News & Insights


November 14, 2017

Data, Privacy & Security Practice Report – November 7, 2017

Ad Groups Ask FTC To Focus On Concrete Injuries, Not Subjective Emotional Distress – Several advertising groups recently filed comments with the Federal Trade Commission (“FTC”) urging the organization to pursue enforcement actions only against security and privacy practices that cause “concrete injuries” to consumers. The comments were solicited by the FTC in advance of a planned “Informational Injury” workshop, which is to be held on December 12, 2017. The purpose of the workshop is to examine consumer injury in the context of privacy and data security.

In their comments, the advertising groups argue that a concrete harm standard for informational injuries creates predictability for businesses. The advertising trade associations collectively represent thousands of companies that collect data about consumers. They note that any expansion in the definition of informational injury would limit the collection and use of data, which would harm the consumers who benefit from ad-supported content. The associations also note that self-regulatory programs, such as Digital Advertising Alliance, are flexible, effective in bringing companies into compliance, and retain the option of referring unresolved enforcement actions to the FTC.

The Center for Democracy & Technology (“CDT”), a privacy advocate, also filed comments, arguing that the risks arising from the processing of personal information include “not just economic loss but also diminished capacity for autonomy and self-determination, discrimination (legal or otherwise), and a generalized loss of trust.” The CDT argues that, due to a lack of control over their information, users experience subjective privacy harms consisting of “pervasive fears, discomforts, and other chilling effects,” but also admits that such privacy violations are difficult to quantify.

The FTC may find the advertising associations’ argument more persuasive, given that acting FTC Chair Maureen Ohlhausen has said previously that the agency should focus on cases with “objective, concrete harms such as monetary injury and unwarranted health and safety risks,” rather than “speculative injury, or on subjective types of harm.”

As the FTC seeks consensus on how to characterize and evaluate privacy injuries, federal courts of appeal remain split after the U.S. Supreme Court’s decision in Spokeo, Inc. v. Robins on what constitutes a sufficiently “concrete” harm for the purposes of Article III standing. In a petition for writ of certiorari filed on Monday, October 30, health insurer CareFirst urged the Supreme Court to resolve the circuit split and hold that an increased risk of future identity theft is not an “imminent” injury and does not confer standing. As data breaches become increasingly prevalent—even inevitable—the case presents an opportunity for the Supreme Court to stem the growing tide of class action lawsuits filed by plaintiffs who suffer subjective and emotional, but not concrete or imminent, harms.

Reporter, Anush Emelianova, Atlanta, GA, +1 404 572 4616,

Biometrics Class Action Suits Proliferate In Illinois – Over the past few months, businesses have seen a significant uptick in putative class action lawsuits filed in Illinois state court, alleging claims under Illinois’ 2008 privacy law, the Biometric Information Privacy Act (“BIPA”). 740 ILCS 14/1 et seq.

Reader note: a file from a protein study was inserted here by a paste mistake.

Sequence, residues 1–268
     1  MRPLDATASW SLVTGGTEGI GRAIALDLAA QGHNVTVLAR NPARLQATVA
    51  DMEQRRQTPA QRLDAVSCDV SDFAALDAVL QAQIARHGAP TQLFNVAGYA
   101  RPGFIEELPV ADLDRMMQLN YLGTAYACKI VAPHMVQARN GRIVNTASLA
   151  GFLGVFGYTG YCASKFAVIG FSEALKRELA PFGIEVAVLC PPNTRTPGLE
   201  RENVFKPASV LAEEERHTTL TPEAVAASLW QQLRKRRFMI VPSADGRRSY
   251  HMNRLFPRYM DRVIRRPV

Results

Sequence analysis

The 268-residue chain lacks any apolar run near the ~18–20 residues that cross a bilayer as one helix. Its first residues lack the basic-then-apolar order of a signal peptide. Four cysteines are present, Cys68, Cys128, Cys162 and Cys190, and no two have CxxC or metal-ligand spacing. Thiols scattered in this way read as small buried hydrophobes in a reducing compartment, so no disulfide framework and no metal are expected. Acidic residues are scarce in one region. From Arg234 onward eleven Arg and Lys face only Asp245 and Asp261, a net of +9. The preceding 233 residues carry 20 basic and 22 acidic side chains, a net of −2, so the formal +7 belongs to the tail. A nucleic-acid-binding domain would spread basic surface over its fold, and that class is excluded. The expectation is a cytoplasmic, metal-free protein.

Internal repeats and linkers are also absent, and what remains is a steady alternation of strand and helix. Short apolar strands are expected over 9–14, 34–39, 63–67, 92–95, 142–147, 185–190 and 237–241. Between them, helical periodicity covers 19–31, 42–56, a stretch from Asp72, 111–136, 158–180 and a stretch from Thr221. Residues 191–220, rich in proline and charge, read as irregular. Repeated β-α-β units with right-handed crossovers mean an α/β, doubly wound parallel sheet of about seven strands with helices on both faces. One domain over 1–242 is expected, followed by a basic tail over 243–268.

At least 27 employment class actions alleging violations of the Illinois BIPA have been filed in Illinois state court since July 2017. Many of these suits contain similar allegations, including that employers are violating BIPA by collecting employees’ fingerprints, retina scans, or other biometric data for use in timekeeping systems but are failing to provide written notice or to obtain the required written consent of their employees. The cases also allege violations of BIPA by defendants for failing to promulgate a policy on usage and destruction of the biometric data.

Plaintiffs in these suits seek to recover statutory liquidated damages of $1,000 for each negligent violation, or $5,000 for each intentional or reckless violation. Plaintiffs additionally seek injunctive relief and attorney’s fees and costs.

Illinois’ BIPA law generally requires that a business collecting biometric data, including fingerprints and retina scans, obtain written consent before using such data. As this privacy area becomes more litigated, and as timekeeping technology continues to become more advanced, businesses must remain diligent in complying with state privacy laws, including BIPA.

Reporter, Brittany N. Clark, Washington, D.C., +1 202 626 5528,


10th Annual King & Spalding Pharmaceutical University – On Thursday, November 9, 2017, King & Spalding will host its 10th Annual Pharmaceutical University, a full day of presentations on subjects critical to drug and biologics manufacturers, their in-house counsel, managers, and executives. For almost a decade, King & Spalding’s Pharmaceutical University has provided timely, in-depth, practical insight into almost every area of law affecting the development, manufacture, and sale of pharmaceuticals and biologics. At our tenth annual event this November, Pharma U will again provide the sophisticated variety of presentations that hundreds of industry attendees have come to rely upon year after year. We hope you will join us in Philadelphia on November 9 at our three-track symposium addressing regulatory, enforcement, intellectual property, commercial, corporate, litigation, international trade, and political issues, among many other topics that will demand your attention in 2018. You can register here.